Please spon­ta­neous­ly post any crap you want… it’s all human, all inter­est­ing… so tired of the mono­lat­er­al tun­nel­s­peak spewed ad nau­se­am by the US intel­li­gentsia these days. God, we used to admire it !

  • Colin Wills says:

    Please do so sir!

  • Colin Wills says:

    That would depend entire­ly on your def­i­n­i­tion of cul­ture. I sus­pect your’s is quite restric­tive :)

  • Colin Wills says:

    The Left? Where the dear folk of the USA got the idea that the Democ­rats are remote­ly “Left” has always con­fused me. Here in NZ they would be some dis­tance to the right of our gov­ern­ing Nation­al Par­ty. The local Tories.

  • Bill G says:

    I flipped into the com­ments expect­ing to see a thought­ful con­ver­sa­tion about what hap­pened at Hamil­ton. Instead I found a lot of pre­sump­tu­ous read­ers telling Open Cul­ture how to man­age their affairs. When Hamil­ton sends a mes­sage to Pence, it seems like the debate should be about the mes­sage Hamil­ton sent to Pence. The com­ments I read here seem like an unin­tel­li­gent way of shut­ting down what could be a rich­er con­ver­sa­tion.

    That’s just my take.


  • Mark Brinton says:

    What would have the reac­tion been if Ann and Nan­cy Wil­son had called out audi­ence mem­ber Pres­i­dent Oba­ma on, say, drone war­fare right after they fin­ished per­form­ing “Stair­way To Heav­en” at the Kennedy Cen­ter?

  • Ronny says:

    Great arti­cle. Not all read­ers are Amer­i­can, so would not be read­ing about such occur­rences on ‘CNN’. Thank you for the post.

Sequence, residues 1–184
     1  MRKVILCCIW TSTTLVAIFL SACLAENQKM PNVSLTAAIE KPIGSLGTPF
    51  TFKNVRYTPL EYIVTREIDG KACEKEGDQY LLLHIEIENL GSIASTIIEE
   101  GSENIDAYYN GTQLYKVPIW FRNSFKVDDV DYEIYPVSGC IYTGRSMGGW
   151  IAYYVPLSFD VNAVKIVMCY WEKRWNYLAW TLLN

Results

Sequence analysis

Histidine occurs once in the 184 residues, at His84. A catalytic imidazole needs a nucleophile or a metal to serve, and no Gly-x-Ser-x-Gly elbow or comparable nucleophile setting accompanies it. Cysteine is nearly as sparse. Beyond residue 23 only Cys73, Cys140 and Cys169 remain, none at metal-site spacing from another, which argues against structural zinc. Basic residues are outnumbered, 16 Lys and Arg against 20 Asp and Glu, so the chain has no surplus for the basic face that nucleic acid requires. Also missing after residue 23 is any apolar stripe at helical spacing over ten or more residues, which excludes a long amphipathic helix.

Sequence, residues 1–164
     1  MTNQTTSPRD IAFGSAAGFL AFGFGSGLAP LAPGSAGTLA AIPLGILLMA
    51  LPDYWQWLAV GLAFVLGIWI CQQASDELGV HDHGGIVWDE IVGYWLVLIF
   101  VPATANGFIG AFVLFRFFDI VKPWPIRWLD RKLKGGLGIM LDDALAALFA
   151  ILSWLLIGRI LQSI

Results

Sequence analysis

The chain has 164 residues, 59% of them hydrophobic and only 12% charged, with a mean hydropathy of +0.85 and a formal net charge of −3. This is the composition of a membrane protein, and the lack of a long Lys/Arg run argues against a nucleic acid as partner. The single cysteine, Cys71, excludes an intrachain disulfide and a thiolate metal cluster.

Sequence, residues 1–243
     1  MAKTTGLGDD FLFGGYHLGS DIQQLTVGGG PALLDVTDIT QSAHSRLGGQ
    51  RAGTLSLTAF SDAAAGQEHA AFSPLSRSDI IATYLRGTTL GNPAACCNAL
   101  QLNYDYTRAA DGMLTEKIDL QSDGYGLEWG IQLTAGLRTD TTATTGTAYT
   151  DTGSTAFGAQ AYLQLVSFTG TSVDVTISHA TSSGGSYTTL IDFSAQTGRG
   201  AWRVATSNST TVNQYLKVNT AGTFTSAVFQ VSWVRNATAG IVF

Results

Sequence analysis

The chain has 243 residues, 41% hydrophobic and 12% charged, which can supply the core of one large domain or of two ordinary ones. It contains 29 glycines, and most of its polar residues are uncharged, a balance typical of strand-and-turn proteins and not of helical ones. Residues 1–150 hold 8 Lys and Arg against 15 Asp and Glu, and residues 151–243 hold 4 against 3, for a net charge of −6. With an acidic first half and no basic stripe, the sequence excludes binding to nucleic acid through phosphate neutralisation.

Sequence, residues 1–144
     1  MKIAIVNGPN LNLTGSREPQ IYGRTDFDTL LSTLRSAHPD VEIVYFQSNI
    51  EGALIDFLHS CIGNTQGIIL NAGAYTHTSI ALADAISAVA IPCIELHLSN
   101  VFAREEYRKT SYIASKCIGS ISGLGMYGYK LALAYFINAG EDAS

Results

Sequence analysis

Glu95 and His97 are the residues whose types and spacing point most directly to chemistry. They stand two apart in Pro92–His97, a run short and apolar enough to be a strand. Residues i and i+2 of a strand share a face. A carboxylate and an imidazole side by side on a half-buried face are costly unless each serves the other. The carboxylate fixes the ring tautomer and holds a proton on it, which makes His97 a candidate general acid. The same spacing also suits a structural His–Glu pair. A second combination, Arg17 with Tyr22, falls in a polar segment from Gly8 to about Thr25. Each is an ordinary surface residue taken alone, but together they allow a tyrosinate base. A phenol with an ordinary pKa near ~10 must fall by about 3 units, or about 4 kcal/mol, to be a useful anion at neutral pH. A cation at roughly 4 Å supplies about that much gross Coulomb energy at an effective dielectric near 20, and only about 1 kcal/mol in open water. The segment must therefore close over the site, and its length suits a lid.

• Michael says:

    I find the behav­iour of the cast unciv­i­lized. There’s a time for every­thing and this was­n’t it.

    And: I won­der how many of the peo­ple who are appalled by the result of the pres­i­den­tial elect­ian actu­al­ly vot­ed.

  • H. Douglas Stead says:

    Noth­ing new as cul­ture is diverse and evolv­ing. We can only view and appre­ci­ate our part with­in our cul­ture through the intro­spec­tive hard look­ing into a mir­ror and seing who is look­ing back..

    As You Like It, Act II, Scene VII, by William Shake­speare


    A fool, a fool! I met a fool i’ the for­est,
    A mot­ley fool; a mis­er­able world!



    Thou seest we are not all alone unhap­py:
    This wide and uni­ver­sal the­atre
    Presents more woe­ful pageants than the scene
    Where­in we play in.


    All the world’s a stage,
    And all the men and women mere­ly play­ers:
    They have their exits and their entrances;
    And one man in his time plays many parts,
    His acts being sev­en ages. At first the infant,
    Mewl­ing and puk­ing in the nurse’s arms.
    And then the whin­ing school-boy, with his satchel
    And shin­ing morn­ing face, creep­ing like snail
    Unwill­ing­ly to school. And then the lover,
    Sigh­ing like fur­nace, with a woe­ful bal­lad
    Made to his mis­tress’ eye­brow. Then a sol­dier,
    Full of strange oaths and beard­ed like the pard,
    Jeal­ous in hon­our, sud­den and quick in quar­rel,
    Seek­ing the bub­ble rep­u­ta­tion
    Even in the can­non’s mouth. And then the jus­tice,
    In fair round bel­ly with good capon lined,
    With eyes severe and beard of for­mal cut,
    Full of wise saws and mod­ern instances;
    And so he plays his part. The sixth age shifts
    Into the lean and slip­per’d pan­taloon,
    With spec­ta­cles on nose and pouch on side,
    His youth­ful hose, well saved, a world too wide
    For his shrunk shank; and his big man­ly voice,
    Turn­ing again toward child­ish tre­ble, pipes
    And whis­tles in his sound. Last scene of all,
    That ends this strange event­ful his­to­ry,
    Is sec­ond child­ish­ness and mere obliv­ion,
    Sans teeth, sans eyes, sans taste, sans every­thing.

    Cheers, Doug Stead

    Per­pe­tra­tors, col­lab­o­ra­tors, bystanders, vic­tims: we can be clear about three of these cat­e­gories. The bystanders, how­ev­er, act as a ful­crum and “All that is nec­es­sary for the tri­umph of evil is that good peo­ple do noth­ing”. If you are not a part of the solu­tion, you are part of the prob­lem! With apolo­gies to Edmund Burke (1729 ~ 1797).

  • Martha Heiden says:

    Dan, I love you!

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Open Culture was founded by Dan Colman.